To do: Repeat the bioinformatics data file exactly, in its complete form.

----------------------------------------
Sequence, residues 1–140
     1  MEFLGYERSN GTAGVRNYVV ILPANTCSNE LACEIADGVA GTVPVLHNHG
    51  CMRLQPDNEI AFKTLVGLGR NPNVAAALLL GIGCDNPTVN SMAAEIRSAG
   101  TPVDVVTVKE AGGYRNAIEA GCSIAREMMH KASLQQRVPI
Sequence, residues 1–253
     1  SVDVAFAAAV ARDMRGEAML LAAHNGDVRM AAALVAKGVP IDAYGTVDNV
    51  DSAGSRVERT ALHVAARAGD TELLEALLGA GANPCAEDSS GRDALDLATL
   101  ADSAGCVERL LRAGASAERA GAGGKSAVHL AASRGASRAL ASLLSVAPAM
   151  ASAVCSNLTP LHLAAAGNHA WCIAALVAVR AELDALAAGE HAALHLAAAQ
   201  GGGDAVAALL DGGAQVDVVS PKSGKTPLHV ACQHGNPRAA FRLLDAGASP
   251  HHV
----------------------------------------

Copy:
Sequence, residues 1–140
     1  MEFLGYERSN GTAGVRNYVV ILPANTCSNE LACEIADGVA GTVPVLHNHG
    51  CMRLQPDNEI AFKTLVGLGR NPNVAAALLL GIGCDNPTVN SMAAEIRSAG
   101  TPVDVVTVKE AGGYRNAIEA GCSIAREMMH KASLQQRVPI
Sequence, residues 1–253
     1  SVDVAFAAAV ARDMRGEAML LAAHNGDVRM AAALVAKGVP IDAYGTVDNV
    51  DSAGSRVERT ALHVAARAGD TELLEALLGA GANPCAEDSS GRDALDLATL
   101  ADSAGCVERL LRAGASAERA GAGGKSAVHL AASRGASRAL ASLLSVAPAM
   151  ASAVCSNLTP LHLAAAGNHA WCIAALVAVR AELDALAAGE HAALHLAAAQ
   201  GGGDAVAALL DGGAQVDVVS PKSGKTPLHV ACQHGNPRAA FRLLDAGASP
   251  HHV